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Whether you’ve invested in a multi-family apartment building or are trying to flip the farmhouse you inherited from your great aunt, a property manager can be a welcome addition to the team. A property manager can result in better-maintained units, increased profitability, and higher-quality residents.
Plus, when you have fewer tasks on your plate, you gain the free time necessary to investigate new investments. You may even find ways a property manager can help with expanding your real estate portfolio.
No matter your reason for hiring a property management firm, once you’ve found your ideal match, what’s next?
It’s time to put together the all-important property management agreement.
So you’ve found a promising property manager. Let’s sign on the dotted line. That’s basically what a property management agreement is: two parties putting forth their responsibilities and outlining the partnership going forward, in writing.
A property management agreement (PMA) is a contract between the property owner and the property manager. It’s the perfect place to iron out the details of what will and won’t happen within your impending professional relationship.
Documented agreements serve many purposes, chief among them is the protection of all parties involved. As with other partnerships, it’s imperative to outline what each party is responsible for. The purpose of a property management agreement is to clarify the role of both the property owner and manager.
A PMA ensures everyone knows what to do on a daily basis, and can minimize disputes later on. At the end of the day, you want to know that your investment is in good hands. A PMA delineates the daily tasks of running a property, such as responding to tenant requests, handling routine maintenance issues, and filing time-consuming paperwork.
While the exact language of property management agreements can vary quite a bit, there are a few key elements that should always be present.
The top of the document should begin with the full legal names of all those signing. Include the name of the property owner or the rental portfolio business name as well as the name and contact information of the property management firm. Also, this section should include the date the contract goes into effect.
This is the place to be as explicit as possible about what property management services will be included. While needs vary from owner to owner, typically property managers take care of one or all of the following:
You’ll also want to keep in mind your or your property manager’s engagement with tenants when creating this section. If you’re not sure where to start when considering tenant needs, surveys show that tenants prefer property managers who:
Considering tenant desires alongside as your own will help when including all necessary elements in your final agreement.
You’ll also want to incorporate language surrounding the dates of the agreement and what to do if the worst should happen. This section often outlines a set date for the contract to end or renew, what events may bring the agreement to an early end, what to do if someone wants out of the contract early, and how those involved will complete any outstanding obligations in that event.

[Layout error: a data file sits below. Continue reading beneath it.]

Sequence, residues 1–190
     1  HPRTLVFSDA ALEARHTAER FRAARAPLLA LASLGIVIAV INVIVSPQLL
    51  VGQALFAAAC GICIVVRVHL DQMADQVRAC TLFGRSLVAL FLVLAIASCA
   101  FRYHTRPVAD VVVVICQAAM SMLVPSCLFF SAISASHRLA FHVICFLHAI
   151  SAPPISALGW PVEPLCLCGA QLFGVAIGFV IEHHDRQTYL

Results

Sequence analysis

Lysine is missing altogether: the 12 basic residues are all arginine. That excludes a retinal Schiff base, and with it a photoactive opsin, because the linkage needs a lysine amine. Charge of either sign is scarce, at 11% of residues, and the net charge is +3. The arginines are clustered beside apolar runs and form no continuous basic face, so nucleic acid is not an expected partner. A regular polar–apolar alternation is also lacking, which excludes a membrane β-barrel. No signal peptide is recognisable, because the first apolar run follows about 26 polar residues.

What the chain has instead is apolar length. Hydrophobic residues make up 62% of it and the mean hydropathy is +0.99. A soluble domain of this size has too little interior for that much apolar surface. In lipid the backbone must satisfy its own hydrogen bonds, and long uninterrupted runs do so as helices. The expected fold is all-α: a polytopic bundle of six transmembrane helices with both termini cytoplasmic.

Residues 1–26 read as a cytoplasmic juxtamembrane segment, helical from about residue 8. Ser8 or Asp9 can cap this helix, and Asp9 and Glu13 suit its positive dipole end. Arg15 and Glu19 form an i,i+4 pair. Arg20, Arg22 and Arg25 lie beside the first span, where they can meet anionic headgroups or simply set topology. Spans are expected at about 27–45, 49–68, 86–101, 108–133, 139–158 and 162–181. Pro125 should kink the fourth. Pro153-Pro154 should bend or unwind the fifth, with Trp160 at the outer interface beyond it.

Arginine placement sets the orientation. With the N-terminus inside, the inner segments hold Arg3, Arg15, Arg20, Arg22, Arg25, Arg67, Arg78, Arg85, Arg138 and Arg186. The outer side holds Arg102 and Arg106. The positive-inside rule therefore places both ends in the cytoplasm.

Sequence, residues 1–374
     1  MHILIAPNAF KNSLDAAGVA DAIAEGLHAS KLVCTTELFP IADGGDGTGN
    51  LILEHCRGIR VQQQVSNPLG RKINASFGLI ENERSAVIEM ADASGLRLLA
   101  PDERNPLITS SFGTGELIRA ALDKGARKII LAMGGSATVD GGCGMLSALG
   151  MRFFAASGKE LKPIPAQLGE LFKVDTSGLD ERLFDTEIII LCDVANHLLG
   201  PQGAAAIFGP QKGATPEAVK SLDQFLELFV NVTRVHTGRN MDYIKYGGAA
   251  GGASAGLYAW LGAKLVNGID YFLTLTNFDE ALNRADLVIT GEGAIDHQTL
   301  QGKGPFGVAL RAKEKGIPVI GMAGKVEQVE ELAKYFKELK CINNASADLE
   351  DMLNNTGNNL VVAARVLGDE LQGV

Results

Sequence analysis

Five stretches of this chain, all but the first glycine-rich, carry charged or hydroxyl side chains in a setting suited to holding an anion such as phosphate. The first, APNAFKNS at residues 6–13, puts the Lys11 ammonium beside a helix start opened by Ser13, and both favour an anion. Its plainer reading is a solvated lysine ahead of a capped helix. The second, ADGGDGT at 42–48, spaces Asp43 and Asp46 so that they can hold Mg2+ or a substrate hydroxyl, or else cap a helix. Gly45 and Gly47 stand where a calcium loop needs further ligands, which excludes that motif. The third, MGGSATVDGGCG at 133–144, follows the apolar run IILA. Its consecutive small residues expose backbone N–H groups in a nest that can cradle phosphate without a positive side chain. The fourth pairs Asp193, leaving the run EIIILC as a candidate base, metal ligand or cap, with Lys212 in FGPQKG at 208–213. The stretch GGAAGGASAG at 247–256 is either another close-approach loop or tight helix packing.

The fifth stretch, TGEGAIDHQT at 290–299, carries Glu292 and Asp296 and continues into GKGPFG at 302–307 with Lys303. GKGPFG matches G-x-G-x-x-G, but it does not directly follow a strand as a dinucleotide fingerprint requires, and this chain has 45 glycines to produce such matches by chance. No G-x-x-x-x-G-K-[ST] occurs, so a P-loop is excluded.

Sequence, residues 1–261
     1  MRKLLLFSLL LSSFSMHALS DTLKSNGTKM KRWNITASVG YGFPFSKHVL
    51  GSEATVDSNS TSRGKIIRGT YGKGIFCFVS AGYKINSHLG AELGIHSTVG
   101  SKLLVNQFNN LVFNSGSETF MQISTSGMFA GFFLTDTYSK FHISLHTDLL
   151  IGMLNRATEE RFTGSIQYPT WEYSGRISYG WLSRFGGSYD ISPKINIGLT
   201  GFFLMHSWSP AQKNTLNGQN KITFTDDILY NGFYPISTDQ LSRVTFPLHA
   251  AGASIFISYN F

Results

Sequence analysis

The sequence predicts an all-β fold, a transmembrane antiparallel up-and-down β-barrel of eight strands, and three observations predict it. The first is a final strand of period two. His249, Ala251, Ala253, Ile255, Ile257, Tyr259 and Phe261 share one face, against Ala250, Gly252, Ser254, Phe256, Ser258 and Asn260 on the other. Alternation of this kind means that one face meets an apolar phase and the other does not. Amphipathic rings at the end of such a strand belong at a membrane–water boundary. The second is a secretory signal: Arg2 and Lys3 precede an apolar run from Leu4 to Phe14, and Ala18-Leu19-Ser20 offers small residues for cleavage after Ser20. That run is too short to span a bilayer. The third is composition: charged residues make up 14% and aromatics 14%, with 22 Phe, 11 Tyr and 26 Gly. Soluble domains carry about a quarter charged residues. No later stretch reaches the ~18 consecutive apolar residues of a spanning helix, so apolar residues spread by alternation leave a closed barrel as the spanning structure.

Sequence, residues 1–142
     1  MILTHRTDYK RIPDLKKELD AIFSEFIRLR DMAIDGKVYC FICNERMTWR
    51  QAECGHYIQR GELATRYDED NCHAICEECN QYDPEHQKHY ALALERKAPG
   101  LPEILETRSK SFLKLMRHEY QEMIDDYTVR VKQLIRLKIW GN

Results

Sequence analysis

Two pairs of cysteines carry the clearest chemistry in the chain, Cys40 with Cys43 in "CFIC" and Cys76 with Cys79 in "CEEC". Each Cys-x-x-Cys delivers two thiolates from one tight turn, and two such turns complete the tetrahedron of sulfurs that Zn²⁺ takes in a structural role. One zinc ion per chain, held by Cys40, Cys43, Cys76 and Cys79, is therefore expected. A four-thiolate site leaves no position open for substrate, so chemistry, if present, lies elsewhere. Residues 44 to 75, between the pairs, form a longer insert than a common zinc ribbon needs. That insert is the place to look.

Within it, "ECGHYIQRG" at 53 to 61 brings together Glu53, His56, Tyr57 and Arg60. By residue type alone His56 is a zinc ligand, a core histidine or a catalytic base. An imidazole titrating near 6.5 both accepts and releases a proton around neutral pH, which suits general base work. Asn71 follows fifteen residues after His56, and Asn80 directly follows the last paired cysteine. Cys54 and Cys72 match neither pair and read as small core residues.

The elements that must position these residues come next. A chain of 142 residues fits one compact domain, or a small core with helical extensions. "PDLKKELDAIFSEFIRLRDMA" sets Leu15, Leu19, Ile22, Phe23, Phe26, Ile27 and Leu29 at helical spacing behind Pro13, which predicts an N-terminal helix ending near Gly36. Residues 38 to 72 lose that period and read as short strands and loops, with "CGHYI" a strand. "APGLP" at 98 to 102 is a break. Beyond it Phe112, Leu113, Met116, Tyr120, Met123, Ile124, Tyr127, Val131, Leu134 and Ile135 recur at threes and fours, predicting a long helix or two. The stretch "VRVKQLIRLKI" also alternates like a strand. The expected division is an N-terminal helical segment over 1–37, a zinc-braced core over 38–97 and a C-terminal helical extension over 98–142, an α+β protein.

In addition to stating explicitly what property management services will be offered, a property management agreement lists owner responsibilities. Most commonly, an owner who wants to work with a property management company agrees to have:
Of course, there are limits to what an owner is entitled to when their property is occupied. It’s best to familiarize yourself with a few of the things landlords can’t do.
While the actual monthly total can vary considerably, property managers generally charge in one of two ways: a monthly percentage of the rent or a fixed amount. Both are common practices and are accepted in the industry. You just need to discover what works best for you and your real estate investment.
With all these moving parts to consider, the good news is that you don’t have to reinvent the wheel by creating a property management agreement from scratch. Beginning with a template and adjusting the language as needed to fit your situation is a time-saving step we highly recommend.
So much differs state-to-state when it comes to the real estate market, including whether property managers need to obtain some type of licensure, what you can do with security deposits, and even how much rent you can charge. While some things remain consistent across the country—such as the necessity for compliance with Equal Opportunity Housing and Fair Housing Laws—it’s necessary to familiarize yourself with state laws prior to creating your agreement, to ensure you don’t wind up in legal limbo.
Partnering with a property manager is an excellent way to increase profitability, shorten your monthly to-do list, and expand your real estate investments. A property management agreement is the first step toward building that fruitful relationship. If you’ve decided to join 72% of other landlords who work with property managers—start your search here.